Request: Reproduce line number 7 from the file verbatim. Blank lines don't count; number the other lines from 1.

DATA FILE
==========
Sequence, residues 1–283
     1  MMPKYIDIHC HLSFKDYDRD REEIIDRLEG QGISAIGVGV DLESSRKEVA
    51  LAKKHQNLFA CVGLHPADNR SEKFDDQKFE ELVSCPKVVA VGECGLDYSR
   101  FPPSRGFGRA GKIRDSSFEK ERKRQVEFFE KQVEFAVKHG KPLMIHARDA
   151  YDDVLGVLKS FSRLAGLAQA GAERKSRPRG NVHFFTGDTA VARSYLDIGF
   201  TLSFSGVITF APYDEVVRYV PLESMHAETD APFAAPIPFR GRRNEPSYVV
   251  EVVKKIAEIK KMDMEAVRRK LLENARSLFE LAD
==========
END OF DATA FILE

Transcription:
   251  EVVKKIAEIK KMDMEAVRRK LLENARSLFE LAD